Per Diem was nominated for the e-commerce product of the year! Click here to support our nomination.

8 Places to Get a Great Cup of Coffee in Downtown Brooklyn

Most of Brooklyn's big business happens downtown, and when it comes to fueling locals, the district delivers more than Starbucks (though there are plenty of those, too). The best downtown coffee spots are uniquely Brooklyn — globally influenced, sustainability minded, with some of the world’s best beans and brewing methods. From DUMBO down to Boerum Hill, here are eight places for your next cup, along with good reasons to stay a while.

% Arabica, Brooklyn, New York - Dumbo Area

% Arabica - 20 Old Fulton St.

Dumbo marks the first U.S. location of this Kyoto-based coffee chain, which is famed for two things: a minimalist white aesthetic and really, really fresh beans. Here, you can slide up to the “green bean corner” and choose unroasted beans from around the world, which employees will custom roast right there to your specifications. (Bonus: they also serve Balthazar pastries.)

Blank Street Cart

Blank Street - 2 MetroTech Center

This company is all about sustainability, which is why, in 2020, it reimagined the classic New York coffee cart as a fully functioning coffee shop in a completely electric, battery-powered five-by-ten-foot space. Costs are more sustainable, too — the service model allows them to charge less for a great cup than other third-wave brands. Today, they have carts all over the city, featuring beans from local roasters, with many more in the works.

Image from Burrow's IG Page

Burrow - 68 Jay St.

This nondescript storefront hides a one-of-a-kind Japanese bakery, which serves airy cheesecakes, matcha financiers, and cookies with black sesame and coconut. Come for the artistic sweets (as many high-profile clients do), but stay for a cup of coffee, brewed to order in the classic Hario pour-over method. Beans come from 95 RPM, a Brooklyn-based micro-roaster.

Cookie Cutter, NY

Cookie Cutter - 275 Flatbush Ave. Ext.

Yes, this bakery specializes in cookies — but there are many more twists to the story than the name suggests. Flavors blend influences from Brooklyn, Taipei, Shibuya, and San Sebastian, with cinnamon apple muffin tops in the morning and black sesame-peanut butter cookies in the afternoon. Coffee comes from Black 6, which funds a nonprofit bringing resources to people in need, including Puerto Rico after Hurricane Maria.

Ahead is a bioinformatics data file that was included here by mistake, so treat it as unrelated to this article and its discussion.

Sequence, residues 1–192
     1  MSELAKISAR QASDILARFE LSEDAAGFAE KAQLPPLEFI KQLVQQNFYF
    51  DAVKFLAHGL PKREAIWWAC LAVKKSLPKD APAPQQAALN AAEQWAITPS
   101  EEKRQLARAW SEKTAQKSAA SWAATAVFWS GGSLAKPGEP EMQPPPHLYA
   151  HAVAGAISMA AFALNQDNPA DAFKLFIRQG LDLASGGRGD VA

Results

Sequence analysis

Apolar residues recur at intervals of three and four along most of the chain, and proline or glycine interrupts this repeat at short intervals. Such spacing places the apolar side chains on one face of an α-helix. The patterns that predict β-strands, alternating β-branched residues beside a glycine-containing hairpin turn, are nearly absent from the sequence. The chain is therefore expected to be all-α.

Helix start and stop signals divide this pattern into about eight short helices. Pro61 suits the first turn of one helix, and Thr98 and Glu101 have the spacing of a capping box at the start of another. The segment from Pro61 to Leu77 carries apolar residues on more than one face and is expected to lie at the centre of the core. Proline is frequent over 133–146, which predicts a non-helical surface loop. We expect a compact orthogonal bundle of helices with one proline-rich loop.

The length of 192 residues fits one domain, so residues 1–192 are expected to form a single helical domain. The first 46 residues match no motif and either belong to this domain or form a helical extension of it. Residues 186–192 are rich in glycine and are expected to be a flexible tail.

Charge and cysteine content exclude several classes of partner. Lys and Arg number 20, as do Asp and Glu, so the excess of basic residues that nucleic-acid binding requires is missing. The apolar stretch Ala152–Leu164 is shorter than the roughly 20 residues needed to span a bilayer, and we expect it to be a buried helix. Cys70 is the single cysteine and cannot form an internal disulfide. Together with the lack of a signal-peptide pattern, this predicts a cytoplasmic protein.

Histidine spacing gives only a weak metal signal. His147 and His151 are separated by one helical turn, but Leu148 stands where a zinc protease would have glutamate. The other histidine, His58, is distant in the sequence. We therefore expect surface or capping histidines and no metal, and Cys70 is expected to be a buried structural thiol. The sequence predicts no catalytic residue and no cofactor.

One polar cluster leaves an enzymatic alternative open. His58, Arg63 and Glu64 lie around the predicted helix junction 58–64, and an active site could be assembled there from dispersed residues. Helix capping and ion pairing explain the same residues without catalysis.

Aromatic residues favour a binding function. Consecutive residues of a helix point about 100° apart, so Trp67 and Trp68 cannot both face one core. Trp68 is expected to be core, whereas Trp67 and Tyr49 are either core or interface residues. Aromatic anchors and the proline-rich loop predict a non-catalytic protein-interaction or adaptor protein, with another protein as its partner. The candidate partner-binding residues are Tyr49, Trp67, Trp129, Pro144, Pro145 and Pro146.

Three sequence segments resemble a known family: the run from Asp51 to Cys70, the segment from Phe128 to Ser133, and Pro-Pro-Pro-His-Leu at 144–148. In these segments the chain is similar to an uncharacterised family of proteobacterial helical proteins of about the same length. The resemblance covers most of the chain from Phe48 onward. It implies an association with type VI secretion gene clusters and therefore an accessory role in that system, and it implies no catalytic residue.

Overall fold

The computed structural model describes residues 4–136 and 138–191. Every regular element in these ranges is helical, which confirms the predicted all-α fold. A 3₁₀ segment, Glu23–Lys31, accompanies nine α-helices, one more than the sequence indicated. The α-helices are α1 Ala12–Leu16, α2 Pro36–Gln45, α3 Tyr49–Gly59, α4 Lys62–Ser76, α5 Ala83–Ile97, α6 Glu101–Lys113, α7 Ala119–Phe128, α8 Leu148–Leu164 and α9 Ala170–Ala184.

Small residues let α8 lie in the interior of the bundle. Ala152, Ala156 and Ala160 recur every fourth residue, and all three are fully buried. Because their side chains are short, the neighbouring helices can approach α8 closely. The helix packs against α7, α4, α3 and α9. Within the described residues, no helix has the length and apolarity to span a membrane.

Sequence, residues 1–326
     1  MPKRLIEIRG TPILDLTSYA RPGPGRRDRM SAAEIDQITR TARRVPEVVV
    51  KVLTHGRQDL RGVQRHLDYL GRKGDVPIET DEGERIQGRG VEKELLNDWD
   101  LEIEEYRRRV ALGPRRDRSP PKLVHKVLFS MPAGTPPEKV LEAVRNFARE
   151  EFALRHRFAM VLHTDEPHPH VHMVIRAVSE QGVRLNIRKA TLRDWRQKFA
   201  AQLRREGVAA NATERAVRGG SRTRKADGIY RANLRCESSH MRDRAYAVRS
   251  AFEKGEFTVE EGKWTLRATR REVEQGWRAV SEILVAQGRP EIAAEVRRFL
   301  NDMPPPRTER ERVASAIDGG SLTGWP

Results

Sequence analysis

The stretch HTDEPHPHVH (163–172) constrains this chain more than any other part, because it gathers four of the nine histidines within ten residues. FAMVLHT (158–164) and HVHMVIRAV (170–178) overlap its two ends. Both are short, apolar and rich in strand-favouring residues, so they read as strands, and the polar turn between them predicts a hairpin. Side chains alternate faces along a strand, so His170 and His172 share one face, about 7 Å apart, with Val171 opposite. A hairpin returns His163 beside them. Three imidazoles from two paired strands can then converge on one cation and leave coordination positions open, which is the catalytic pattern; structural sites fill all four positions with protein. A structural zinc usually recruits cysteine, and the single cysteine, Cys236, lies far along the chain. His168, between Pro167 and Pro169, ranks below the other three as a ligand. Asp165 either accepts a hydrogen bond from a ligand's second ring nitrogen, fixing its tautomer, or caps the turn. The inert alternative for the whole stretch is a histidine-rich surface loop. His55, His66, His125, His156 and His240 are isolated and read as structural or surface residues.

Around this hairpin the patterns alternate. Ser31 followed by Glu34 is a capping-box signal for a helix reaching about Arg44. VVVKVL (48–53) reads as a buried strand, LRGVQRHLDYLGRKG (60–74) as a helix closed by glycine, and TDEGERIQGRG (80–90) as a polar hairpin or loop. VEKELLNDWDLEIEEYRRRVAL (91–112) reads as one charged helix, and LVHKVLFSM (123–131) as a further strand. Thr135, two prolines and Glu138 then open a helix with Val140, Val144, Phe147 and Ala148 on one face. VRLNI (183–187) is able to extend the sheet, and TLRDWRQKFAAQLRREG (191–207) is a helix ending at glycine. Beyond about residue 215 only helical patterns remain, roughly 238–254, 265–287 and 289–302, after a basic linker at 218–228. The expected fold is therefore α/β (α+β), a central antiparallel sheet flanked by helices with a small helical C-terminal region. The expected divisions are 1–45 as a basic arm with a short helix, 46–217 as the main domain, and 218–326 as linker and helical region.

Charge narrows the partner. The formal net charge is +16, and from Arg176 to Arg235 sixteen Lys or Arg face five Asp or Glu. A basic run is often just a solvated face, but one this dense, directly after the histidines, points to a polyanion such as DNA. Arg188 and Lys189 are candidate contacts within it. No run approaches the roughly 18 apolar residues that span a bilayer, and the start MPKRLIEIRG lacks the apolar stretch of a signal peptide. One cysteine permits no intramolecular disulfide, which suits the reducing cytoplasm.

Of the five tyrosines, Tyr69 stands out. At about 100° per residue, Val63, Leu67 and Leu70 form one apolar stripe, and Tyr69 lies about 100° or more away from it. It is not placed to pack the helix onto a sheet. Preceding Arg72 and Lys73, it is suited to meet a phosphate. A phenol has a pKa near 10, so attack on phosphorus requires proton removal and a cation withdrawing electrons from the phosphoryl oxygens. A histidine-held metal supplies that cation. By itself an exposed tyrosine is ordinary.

The Trio Box, Devocion

Devoción - 276 Livingston St.

Devoción upended the standard supply chain. Instead of importing from third parties and storing beans in warehouses for months on end, the shop buys directly from Colombian farms, processes beans at their own facility in Bogotá, and sends them immediately to Brooklyn for roasting. House blends feature flavors of Andean blueberry and lemongrass, and limited-edition bags highlight women growers.

Inside Hungry Ghost

Hungry Ghost - 80 Dekalb Ave.

While lots of coffee obsessives make toasting their game, Hungry Ghost focuses attention on the brewing, hiring baristas who take pride in chasing the perfect espresso shot. The chain, which now has 12 locations across New York City, serves Stumptown coffees (including a signature Hungry Ghost blend), along with sweets from local businesses such as Ovenly and BKLYN Larder.

Parlor Coffee

Parlor - 11 Vanderbilt Ave.

Parlor Coffee opened in 2012 in the back of a Williamsburg barbershop with a single espresso machine. Today, it sits in a repurposed carriage house on the edge of the Brooklyn Navy Yard and supplies coffee to shops, restaurants, and home brewers globally. Check out the brand’s Parchment magazine, highlighting the people and places behind the brews with interviews along the supply chain.

White Noise Coffee Co.

White Noise Coffee Co. - 57 Smith St.

Named after the constant, calming sounds of a city cafe — espresso grinding, milk steaming, friends chatting — White noise is all about energy. Founded by a former actress with a flair for theater, the eye-catching shop sits next door to the Hilton Hotel, so you’ll find a mix of locals and tourists. Try the flat white or cortado, made with beans from artisan roasters, such as Counter Culture.

Get great content updates from our team to your inbox.

8 Places to Get a Great Cup of Coffee in Downtown Brooklyn

8 Places to Get a Great Cup of Coffee in Downtown Brooklyn
by
Olivia Terenzio
by
Jessica Buckley
by
Ashley Rodriguez
August 25, 2021